In When Federalism Works, Paul E. Peterson, Barry G. Rabe, and Kenneth K. Wong examine the new conventional wisdom about federal grants. Through documentary research and hundreds of interviews with local, state, and federal administrators and elected officials, they consider the implementation and operation of federal programs for education, health care, and housing in four urban areas to learn which programs worked, when, and why. Why did rent subsidy programs encounter seemingly endless difficulties, while special education was a notable success? Why did compensatory education fare better in Milwaukee than in Baltimore? Among the factors the authors find significant are the extent to which a program is directed toward groups in need, the political and economic circumstances of the area in which it is implemented, and the degree of professionalism among those who administer it at all levels of government.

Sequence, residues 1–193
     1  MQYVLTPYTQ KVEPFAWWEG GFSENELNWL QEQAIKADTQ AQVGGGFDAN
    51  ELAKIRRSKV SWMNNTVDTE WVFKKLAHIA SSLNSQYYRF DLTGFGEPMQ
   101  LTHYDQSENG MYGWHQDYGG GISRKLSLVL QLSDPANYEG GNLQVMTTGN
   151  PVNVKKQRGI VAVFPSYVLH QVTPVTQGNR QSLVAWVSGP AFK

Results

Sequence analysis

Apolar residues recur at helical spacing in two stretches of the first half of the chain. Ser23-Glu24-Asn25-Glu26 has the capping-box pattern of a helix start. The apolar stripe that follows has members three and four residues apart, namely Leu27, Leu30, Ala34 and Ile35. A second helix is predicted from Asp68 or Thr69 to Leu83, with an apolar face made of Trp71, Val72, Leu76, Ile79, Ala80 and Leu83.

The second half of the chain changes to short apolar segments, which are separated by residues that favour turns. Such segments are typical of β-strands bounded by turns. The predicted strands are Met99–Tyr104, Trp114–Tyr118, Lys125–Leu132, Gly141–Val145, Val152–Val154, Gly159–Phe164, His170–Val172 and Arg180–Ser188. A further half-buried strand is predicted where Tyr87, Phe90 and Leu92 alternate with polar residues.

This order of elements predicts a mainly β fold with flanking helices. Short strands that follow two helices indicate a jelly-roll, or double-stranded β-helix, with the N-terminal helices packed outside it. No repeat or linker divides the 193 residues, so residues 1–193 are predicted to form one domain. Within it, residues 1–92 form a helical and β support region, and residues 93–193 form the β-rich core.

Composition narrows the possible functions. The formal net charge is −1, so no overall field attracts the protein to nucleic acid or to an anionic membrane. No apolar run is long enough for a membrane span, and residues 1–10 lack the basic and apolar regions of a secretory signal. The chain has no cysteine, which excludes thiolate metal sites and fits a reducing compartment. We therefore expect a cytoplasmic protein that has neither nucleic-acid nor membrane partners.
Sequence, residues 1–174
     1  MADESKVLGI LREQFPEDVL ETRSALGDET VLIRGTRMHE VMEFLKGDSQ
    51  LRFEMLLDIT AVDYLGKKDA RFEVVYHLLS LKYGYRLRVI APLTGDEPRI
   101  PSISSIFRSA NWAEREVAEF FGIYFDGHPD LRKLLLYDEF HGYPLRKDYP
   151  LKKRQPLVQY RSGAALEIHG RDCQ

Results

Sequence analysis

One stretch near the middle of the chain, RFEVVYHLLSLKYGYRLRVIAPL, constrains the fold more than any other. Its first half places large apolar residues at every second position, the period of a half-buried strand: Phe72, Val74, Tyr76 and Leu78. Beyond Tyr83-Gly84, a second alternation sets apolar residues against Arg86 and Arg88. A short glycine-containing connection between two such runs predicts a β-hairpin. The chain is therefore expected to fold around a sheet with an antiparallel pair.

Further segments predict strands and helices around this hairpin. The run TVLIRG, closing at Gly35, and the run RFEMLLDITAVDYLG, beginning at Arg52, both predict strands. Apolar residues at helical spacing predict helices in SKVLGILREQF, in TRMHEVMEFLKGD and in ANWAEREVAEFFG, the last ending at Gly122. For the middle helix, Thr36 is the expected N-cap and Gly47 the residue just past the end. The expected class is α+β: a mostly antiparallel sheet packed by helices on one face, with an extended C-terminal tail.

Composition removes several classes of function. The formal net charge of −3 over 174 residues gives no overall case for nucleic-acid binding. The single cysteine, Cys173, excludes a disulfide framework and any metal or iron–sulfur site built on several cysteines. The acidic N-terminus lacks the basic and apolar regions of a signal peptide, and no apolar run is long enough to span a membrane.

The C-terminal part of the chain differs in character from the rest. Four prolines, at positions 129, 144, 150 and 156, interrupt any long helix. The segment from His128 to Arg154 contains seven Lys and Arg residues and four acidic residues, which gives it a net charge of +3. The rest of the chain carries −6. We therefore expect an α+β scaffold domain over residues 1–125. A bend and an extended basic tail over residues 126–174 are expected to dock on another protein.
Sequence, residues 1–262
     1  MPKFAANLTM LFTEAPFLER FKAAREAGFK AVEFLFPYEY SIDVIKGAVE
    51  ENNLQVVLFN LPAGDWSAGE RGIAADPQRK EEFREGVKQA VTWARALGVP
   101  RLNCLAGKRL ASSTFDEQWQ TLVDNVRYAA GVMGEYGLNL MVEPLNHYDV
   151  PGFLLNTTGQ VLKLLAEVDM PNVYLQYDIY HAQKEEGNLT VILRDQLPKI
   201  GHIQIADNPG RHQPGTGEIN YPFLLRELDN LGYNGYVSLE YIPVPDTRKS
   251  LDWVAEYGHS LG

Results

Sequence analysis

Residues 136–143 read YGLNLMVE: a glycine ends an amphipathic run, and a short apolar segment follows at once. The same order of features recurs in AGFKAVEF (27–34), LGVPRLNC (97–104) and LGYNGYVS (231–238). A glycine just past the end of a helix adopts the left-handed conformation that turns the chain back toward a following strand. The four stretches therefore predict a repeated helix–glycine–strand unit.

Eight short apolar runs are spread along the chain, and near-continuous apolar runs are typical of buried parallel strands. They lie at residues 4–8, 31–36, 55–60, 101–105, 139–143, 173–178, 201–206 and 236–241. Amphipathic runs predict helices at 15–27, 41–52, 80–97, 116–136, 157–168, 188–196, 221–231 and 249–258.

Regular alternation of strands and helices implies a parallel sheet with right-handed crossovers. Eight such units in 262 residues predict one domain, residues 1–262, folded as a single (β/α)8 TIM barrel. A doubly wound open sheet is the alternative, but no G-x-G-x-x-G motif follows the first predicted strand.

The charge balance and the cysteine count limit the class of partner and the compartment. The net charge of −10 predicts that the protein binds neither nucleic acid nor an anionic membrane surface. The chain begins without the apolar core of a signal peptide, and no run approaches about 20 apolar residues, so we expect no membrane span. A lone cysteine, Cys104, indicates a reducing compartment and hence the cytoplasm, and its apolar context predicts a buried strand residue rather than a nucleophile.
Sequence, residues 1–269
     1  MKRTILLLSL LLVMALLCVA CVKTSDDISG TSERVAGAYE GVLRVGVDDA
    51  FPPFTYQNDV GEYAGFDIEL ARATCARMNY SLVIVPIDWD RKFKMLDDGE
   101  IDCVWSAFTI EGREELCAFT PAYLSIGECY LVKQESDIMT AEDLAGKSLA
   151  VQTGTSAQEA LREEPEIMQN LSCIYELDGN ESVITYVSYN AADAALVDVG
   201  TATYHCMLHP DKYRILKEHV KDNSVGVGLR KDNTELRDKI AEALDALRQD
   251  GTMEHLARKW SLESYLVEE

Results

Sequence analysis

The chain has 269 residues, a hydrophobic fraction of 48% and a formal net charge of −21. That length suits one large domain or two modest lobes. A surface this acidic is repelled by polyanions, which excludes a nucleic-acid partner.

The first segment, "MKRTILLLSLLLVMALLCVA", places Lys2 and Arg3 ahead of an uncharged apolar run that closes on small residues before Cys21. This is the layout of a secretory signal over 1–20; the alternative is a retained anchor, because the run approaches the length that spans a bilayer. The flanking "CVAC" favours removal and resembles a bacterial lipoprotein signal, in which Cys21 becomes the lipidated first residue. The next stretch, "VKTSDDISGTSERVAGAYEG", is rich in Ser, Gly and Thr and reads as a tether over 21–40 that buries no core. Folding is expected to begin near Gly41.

When Federalism Works provides a solid introduction to the most important grant-in-aid programs of the past twenty years and a thoughtful assessment of where they might be going.
Howell shows that an appetite for power may not inform the original motivations of those who seek to become president. Rather, this need is built into the office of the presidency itself--and quickly takes hold of whoever bears the title of Chief Executive. In order to understand the modern presidency, and the degrees to which a president succeeds or fails, the acquisition, protection, and expansion of power in a president's political life must be recognized--in policy tools and legislative strategies, the posture taken before the American public, and the disregard shown to those who would counsel modesty and deference within the White House.
Thinking about the Presidency assesses how the search for and defense of presidential powers informs nearly every decision made by the leader of the nation. In a new preface, Howell reflects on presidential power during the presidency of Barack Obama.